• Deb
    2019-04-19 08:20

    This is not my usual style of novel....despite it being my beloved historical fiction. I picked it up at a used book store, sat down and fell in love in the first chapter. After that things get sketchy. I was bored for much of the first third of the book...not so much with the author's style, which is beautiful and poignant and gritty, but with the procession of a number of skimming-the-surface characters. As we go back and forth and get to know each better I did find my heroes and the book held my interest more fully. All of the seemingly surface characters didn't feel overwhelming to me as other readers have mentioned. I enjoyed the peeks into the misconceptions of our main characters. The pervading emotion through all of the book though is one of a poignant looking-back, which took me out of the time and place, placing me here as a reader rather than inside the world. It's a horrible, human and inhumane story encompassing war in it's regular sense and war of the classes and cultures, all historical or perfectly plausible as such. Beautiful writing....I will certainly be seeking out more by this author.

  • Jamie Marks
    2019-04-20 07:02

    I like Philip Hensher's writing, and I wanted to like this, his first LONG-format book. Its problem, though, is its length. The First Anglo-Afghan War (1839-41/42)is rife with ironies and ultimate meaninglessness, but is it worth hours and hours of reading simply to have battered into us just how meaningless it was? Hensher manages to get in truly gorgeous set-pieces: Queen Victoria's cruel little smile and her hilarious attempts to pronounce a fragment of Sappho some imperialist has brought back to London; court speech in the presence of Afghanistan's Emir. In fact, satirizing courts and aristocracies is an apparent gift of Hensher's. And yes, we get it--it's all relevant today in the lengthy and ultimately meaningless engagement of the West in the same territory once again. The set-pieces in this are quite terrific--but sadly for Hensher's first attempt at an epic, the totality ain't Tolstoy.

  • Erin
    2019-04-20 06:02

    An involved narrative about a little known time, the British invasion of Afghanistan, it centers around Alexander Burnes. As one of the first espionage masters, he does his job well because of a genuine concern for the people he befriends. Though this does him no good in the end. Fascinating, too, was the story of the woman he loves and leaves behind. Bella is left to face society while trying to keep her secret hidden, without the support of Burnes. Shades of French Lieutenant's woman and even Tess of the D'urbervilles (or maybe I only think that because they're British...). I wanted to love this book, but I find the multi-character narrative sometimes a little distancing, as was the case here. Extremely well written, otherwise, with lyrical prose and beautiful descriptions of parts foreign.

  • Gareth Evans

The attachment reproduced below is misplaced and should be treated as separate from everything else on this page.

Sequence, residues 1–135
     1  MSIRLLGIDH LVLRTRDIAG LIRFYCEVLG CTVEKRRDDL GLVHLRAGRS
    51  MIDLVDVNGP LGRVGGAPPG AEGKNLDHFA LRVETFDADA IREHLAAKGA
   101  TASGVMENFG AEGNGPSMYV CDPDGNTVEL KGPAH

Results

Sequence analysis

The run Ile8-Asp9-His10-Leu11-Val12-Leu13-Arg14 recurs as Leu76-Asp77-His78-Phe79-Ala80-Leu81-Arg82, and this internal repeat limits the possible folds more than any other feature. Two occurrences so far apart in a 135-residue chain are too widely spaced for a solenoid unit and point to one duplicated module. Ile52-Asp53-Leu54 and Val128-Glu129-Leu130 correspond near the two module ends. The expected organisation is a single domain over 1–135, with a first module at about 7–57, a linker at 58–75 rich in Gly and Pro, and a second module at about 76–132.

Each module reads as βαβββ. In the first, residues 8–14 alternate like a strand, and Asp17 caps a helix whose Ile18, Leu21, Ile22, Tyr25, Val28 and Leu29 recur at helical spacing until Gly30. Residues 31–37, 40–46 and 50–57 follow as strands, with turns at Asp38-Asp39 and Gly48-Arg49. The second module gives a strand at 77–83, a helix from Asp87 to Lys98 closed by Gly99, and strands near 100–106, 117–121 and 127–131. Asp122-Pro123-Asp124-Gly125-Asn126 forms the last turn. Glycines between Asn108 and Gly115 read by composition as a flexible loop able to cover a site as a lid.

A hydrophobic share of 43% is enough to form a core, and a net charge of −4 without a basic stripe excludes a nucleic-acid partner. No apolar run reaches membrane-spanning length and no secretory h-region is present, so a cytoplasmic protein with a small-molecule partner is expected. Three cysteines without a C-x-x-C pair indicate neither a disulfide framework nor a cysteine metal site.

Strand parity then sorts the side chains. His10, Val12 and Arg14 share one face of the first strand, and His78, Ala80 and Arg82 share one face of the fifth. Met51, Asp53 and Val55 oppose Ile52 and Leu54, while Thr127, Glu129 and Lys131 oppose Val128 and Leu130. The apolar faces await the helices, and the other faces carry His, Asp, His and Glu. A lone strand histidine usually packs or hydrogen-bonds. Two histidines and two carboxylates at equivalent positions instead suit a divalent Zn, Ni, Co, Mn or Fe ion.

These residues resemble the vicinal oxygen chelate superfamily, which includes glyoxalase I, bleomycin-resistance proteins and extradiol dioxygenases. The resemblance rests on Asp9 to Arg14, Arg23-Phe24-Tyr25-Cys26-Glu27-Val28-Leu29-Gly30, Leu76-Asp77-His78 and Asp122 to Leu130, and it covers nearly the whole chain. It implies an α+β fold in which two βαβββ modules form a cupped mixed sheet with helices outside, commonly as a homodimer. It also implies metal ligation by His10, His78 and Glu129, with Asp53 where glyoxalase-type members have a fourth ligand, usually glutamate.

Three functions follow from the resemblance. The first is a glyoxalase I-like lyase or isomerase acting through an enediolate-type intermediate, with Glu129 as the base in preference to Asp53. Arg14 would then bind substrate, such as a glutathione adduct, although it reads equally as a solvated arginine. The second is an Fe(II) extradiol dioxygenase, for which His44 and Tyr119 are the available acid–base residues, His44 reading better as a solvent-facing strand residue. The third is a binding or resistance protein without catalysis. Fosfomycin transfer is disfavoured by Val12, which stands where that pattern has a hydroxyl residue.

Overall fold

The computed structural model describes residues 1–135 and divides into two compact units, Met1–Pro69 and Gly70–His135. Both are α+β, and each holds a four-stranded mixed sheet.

2019-04-08 06:03

    I bought this book blind; having read King of the Badgers and the Northern Clemency I wanted another book by Philip Hensher. I was a bit disconcerted to receive historical fiction rather than a modern soap opera or saga and was certainly put off by the oriental opening. So the book stood for a while, being passed up for other (I now know lesser) books. Tis is a very clever novel. The story of the first Afghan War is an interesting (and to me reasonably familiar) one. Hensher's slightly oblique approach involving the main and some minor characters is superbly entertaining. Every one brings a different perspective, not only to the war but to the broad society and geopolitical nature of the early Victorian era. Top notch - a real triumph.

  • Catherine Siemann
    2019-04-06 13:06

    I really loved the first book by Hensher I read, The Northern Clemency; he does something similar here by inhabiting the rather alienated inner lives of a large number of characters over time, but in this case, his characters are early Victorians, so that there's a strange double consciousness. For a novel that's about the First Afghan War, I found it interesting that the war takes up very little actual space in the text -- it's the lead ups that are most significant. On the one hand, it jumps around so much that it's hard to get too attached to any particular figure, and on the other, that gives a good sense of the scale of things.

  • Jon Box
    2019-04-22 10:12

    As a reader enthralled with this period of British history, I was quite familiar with these events involving Britain, Russia, and Afghanistan's part in the Great Game; however, this fictional account put realistic meat on the bones of the facts. Hensher brought the stories to life and gave the various portrayals that personal touch that I enjoy in historical fiction. Having served in Kabul headquarters for four months last year, I must say some of the Afghan ways of doing business seemed vaguely familiar and eerie ...